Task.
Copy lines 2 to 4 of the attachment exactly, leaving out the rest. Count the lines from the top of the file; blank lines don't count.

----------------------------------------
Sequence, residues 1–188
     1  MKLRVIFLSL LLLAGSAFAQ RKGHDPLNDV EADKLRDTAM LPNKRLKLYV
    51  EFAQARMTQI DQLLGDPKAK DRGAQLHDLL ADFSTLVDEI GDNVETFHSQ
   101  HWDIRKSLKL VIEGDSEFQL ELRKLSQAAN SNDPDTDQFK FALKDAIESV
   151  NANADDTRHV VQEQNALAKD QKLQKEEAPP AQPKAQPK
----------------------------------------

     1  MKLRVIFLSL LLLAGSAFAQ RKGHDPLNDV EADKLRDTAM LPNKRLKLYV
    51  EFAQARMTQI DQLLGDPKAK DRGAQLHDLL ADFSTLVDEI GDNVETFHSQ
   101  HWDIRKSLKL VIEGDSEFQL ELRKLSQAAN SNDPDTDQFK FALKDAIESV